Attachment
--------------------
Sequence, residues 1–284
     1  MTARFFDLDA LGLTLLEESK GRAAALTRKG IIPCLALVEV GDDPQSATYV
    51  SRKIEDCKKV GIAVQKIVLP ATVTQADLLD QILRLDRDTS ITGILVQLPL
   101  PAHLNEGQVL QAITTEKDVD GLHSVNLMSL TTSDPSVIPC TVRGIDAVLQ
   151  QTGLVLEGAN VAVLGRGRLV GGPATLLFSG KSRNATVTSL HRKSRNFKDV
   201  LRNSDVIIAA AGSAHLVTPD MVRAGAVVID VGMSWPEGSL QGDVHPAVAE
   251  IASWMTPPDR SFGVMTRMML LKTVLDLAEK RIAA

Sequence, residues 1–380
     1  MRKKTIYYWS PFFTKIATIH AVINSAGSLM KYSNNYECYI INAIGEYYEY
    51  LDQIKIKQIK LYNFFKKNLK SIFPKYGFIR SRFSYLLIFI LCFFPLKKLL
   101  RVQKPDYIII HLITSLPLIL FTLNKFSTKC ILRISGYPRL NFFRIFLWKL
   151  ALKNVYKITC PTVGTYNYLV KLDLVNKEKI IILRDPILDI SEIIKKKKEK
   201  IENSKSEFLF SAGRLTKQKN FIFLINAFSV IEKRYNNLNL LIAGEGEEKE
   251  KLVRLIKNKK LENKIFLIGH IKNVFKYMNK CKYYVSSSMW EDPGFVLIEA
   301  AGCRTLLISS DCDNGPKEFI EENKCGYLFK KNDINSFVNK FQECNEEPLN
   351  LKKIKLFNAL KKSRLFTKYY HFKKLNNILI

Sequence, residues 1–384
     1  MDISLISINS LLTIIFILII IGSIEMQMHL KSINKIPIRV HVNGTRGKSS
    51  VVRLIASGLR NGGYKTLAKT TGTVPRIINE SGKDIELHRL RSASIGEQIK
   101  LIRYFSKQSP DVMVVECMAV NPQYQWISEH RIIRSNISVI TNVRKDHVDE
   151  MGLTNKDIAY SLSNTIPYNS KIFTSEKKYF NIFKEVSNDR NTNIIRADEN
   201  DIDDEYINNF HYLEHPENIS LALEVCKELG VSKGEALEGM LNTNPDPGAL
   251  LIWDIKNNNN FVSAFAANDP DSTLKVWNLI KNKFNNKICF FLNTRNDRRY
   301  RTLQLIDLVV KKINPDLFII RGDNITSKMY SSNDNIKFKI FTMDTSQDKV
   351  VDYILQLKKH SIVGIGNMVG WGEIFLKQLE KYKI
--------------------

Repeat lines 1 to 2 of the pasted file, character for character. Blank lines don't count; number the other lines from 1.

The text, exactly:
Sequence, residues 1–284
     1  MTARFFDLDA LGLTLLEESK GRAAALTRKG IIPCLALVEV GDDPQSATYV